This article is from the archives of the UB Reporter.

Conference looks at Creeley's work

Contemporaries to celebrate life and work of former UB faculty member

Published: October 5, 2006

Contributing Editor

The life of the distinguished American poet Robert Creeley, former SUNY Distinguished Professor and Samuel P. Capen Professor of Poetics at UB and a member of the English department for 37 years, was celebrated widely following his death last year.

"His colleagues in the English department wanted to do something more," says Steve McCaffery, David Gray Chair of Poetry and Letters.

"We wanted to present not just a personal celebration, but an event that would bring scholars together to discuss and critique his remarkable body of work and also permit us to reminisce about our relationship with Bob."

The result is "ON WORDS: A Conference on the Life and Work of Robert Creeley," featuring presentations and readings by some of America's premiere contemporary poets, critics, translators, essayists and theorists-all focused on the literary production of one of their most influential colleagues.

Most of the presenters were personally affiliated with Creeley and his work, and many were featured regularly in UB's "Wednesdays at 4 PLUS" literary series, founded by Creeley and continued by Charles Bernstein when he became Gray Chair after Creeley's tenure.

"ON WORDS" will be held Oct. 12-14 in Trinity Church, 371 Delaware Ave., Buffalo, and in the Poetry Collection, 420 Capen Hall, North Campus. It is free of charge and open to the public.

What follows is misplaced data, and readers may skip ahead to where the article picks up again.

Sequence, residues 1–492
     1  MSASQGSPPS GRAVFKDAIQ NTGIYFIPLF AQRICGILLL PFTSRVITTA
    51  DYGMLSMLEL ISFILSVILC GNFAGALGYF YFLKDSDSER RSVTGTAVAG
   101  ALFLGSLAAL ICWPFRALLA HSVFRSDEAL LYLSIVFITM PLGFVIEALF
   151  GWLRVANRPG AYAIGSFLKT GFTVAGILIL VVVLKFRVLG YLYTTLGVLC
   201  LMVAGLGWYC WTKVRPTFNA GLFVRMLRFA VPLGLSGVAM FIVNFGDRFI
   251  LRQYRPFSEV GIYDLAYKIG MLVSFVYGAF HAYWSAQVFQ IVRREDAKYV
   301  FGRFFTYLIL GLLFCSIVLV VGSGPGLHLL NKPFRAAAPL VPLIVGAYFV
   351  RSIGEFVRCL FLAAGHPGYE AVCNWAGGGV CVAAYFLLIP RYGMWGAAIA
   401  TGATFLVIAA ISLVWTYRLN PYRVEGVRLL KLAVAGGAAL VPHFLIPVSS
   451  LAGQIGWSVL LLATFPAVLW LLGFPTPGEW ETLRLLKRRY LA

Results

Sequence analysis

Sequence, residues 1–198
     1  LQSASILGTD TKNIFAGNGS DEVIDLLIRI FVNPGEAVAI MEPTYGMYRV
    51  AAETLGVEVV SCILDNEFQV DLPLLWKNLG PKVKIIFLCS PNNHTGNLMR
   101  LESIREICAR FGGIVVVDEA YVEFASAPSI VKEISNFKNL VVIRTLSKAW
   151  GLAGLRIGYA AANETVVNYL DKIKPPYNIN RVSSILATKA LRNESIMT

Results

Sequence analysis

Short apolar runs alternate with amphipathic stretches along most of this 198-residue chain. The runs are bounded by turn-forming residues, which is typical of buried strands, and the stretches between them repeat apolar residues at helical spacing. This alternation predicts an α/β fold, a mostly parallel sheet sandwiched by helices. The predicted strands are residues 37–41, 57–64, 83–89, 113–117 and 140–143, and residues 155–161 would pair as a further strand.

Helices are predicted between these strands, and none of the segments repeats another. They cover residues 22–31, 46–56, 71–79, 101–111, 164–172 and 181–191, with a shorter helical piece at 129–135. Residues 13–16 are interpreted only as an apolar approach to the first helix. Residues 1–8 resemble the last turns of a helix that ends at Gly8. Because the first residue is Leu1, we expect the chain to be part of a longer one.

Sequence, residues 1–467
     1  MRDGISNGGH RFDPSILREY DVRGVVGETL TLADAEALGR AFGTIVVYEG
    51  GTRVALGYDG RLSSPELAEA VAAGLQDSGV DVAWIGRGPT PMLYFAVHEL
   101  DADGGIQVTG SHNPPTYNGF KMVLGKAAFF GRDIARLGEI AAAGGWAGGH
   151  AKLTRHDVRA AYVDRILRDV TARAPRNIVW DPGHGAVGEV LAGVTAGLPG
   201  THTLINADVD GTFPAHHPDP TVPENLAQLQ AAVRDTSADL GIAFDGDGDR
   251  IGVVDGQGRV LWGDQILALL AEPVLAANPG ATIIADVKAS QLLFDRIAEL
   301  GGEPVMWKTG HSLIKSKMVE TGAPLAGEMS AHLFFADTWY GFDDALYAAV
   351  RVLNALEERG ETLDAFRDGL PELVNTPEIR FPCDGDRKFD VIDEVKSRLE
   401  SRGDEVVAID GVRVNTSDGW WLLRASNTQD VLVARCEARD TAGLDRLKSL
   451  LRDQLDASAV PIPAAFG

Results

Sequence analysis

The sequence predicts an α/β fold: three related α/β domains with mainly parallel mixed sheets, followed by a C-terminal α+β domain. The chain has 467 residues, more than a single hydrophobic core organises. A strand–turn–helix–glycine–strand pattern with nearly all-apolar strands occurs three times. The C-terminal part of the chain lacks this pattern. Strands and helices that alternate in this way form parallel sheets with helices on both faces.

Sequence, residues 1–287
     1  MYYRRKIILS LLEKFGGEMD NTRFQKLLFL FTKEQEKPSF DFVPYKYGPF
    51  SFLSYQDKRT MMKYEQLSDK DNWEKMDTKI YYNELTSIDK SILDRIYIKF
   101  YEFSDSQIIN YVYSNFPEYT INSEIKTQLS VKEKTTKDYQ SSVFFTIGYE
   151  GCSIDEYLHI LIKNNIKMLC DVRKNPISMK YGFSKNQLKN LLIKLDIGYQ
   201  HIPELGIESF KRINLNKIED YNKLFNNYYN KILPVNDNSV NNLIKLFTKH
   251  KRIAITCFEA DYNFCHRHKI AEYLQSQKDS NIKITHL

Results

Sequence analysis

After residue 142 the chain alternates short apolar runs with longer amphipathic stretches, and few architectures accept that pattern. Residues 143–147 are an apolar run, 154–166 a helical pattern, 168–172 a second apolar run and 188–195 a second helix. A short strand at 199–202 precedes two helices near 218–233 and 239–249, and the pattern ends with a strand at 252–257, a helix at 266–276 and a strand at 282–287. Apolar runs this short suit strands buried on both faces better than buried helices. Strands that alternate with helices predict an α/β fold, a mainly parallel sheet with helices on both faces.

The conference will open at 8 p.m. on Oct. 12 in Trinity Church with readings by Rosmarie Waldrop and Robin Blaser.

Waldrop is a translator, and multiple award-winning author of 17 books of poetry, two novels and three books of criticism. She also is the founder of Burning Deck Press, one of the most influential publishers of innovative poetry in the United States and was elected to the American Academy of Arts and Sciences in 2006

A scholar, teacher and founding member of the San Francisco Renaissance, Blaser is the author of many books of poetry. Creeley, who brought him to UB frequently over the years to read and teach, called him "a touchstone for all his company, a bond in mind and heart."

On Oct. 13, "ON WORDS" will move to the UB Poetry Collection for a 10 a.m. address by Benjamin Friedlander, titled "What Is Experience?" followed at 11 a.m. by a presentation by Alan Golding, titled "Seriality in Creeley's Poetry."

Friedlander received his doctorate in English at UB while Creeley was a member of the faculty, and now lives and works as a poet and literary critic in Maine. In 1997 he co-edited (with Donald Allen) the collected prose of Charles Olson, also a UB faculty member, with whom Creeley had an important literary relationship.

Golding, professor of English at the University of Louisville, is the author of "From Outlaw to Classic: Canons in American Poetry" (University of Wisconsin Press, 1995), which won a CHOICE Best Academic Book Award, and of numerous essays on modernist and contemporary poetry.